Combined Use of High-Sensitivity Cardiac Troponin T and N-Terminal Pro-B Type Natriuretic Peptide Improves Measurements of Performance Over Established Mortality Risk Factors in Chronic Heart Failure

Study Questions:

Does the measurement of high-sensitivity cardiac troponin T (hs-cTnT) and N-terminal pro–B-type natriuretic peptide (NT-proBNP) improve risk stratification in heart failure (HF)?

Methods:

This was a single-center cohort study of 876 ambulatory HF patients who were referred to a multidisciplinary HF clinic with a history of reduced ejection fraction (EF) and/or prior HF hospitalization. The additional value of hs-cTnT and NT-proBNP to that of traditional HF risk factors in predicting mortality was assessed.

Results:

Median [25th, 75th] patient age was 70 [61, 77] years, left ventricular EF was 34 [26, 43]%, and median HF duration was 27 [4.9, 74] months. One percent of patients were New York Heart Association (NYHA) class IV, 26% class III, and 66% class II. During 41 [22, 61] months of follow-up, there were 311 (36%) deaths, of which 198 were cardiac in nature. In the presence of other traditional HF risk factors, an elevated ln(hs-cTnT) and ln(NT-proBNP) was associated with 3.6 [1.5-8.2] and 1.1 [1.1-1.4] fold increases in the risk of death, respectively. While both markers led to significant integrated discrimination improvements (p < 0.05), only hs-cTnT led to an increase in net reclassification index (from 1.5-7.7%) in the presence of traditional risk factors.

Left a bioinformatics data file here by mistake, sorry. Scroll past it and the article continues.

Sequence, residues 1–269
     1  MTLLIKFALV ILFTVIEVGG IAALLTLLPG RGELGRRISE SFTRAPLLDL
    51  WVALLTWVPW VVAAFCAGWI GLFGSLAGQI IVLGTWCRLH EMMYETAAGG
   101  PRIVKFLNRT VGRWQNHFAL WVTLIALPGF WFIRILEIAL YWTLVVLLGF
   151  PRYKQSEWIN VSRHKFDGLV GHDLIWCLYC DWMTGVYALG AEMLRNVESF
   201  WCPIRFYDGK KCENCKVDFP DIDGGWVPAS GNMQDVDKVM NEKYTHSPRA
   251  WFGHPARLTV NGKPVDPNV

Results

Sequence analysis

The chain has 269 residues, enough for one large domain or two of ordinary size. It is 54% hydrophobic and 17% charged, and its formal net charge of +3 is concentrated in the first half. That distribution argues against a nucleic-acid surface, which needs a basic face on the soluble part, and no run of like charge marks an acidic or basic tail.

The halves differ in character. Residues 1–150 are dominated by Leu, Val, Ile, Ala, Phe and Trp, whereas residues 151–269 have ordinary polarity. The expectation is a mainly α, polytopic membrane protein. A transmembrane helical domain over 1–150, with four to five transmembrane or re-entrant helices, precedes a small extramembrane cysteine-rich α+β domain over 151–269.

Conclusions:

The authors concluded that measurement of hs-cTnT and NT-proBNP improves risk stratification of patients with HF.

Perspective:

There are several biomarkers that have been studied in HF, provoking groups such as the American Heart Association to recommend a more thorough assessment of ‘information gained’ from biomarker measurement. In this analysis, hs-cTnT appears to improve risk stratification in HF. Cut-off values presented for defining hs-cTnT and NT-proBNP risk dichotomization should be interpreted with caution since levels are often prejudiced by the cohort from which they were derived. Further, the correlation of hs-cTnT and NT-proBNP with traditional HF risk factors (e.g., age, sex, NYHA classification) warrants repeat analyses of marker utility in additional cohorts.

Clinical Topics: Heart Failure and Cardiomyopathies, Acute Heart Failure, Heart Failure and Cardiac Biomarkers

Keywords: Natriuretic Peptides, Follow-Up Studies, Biological Markers, Heart Failure, Troponin T, Risk Factors, Hospitalization


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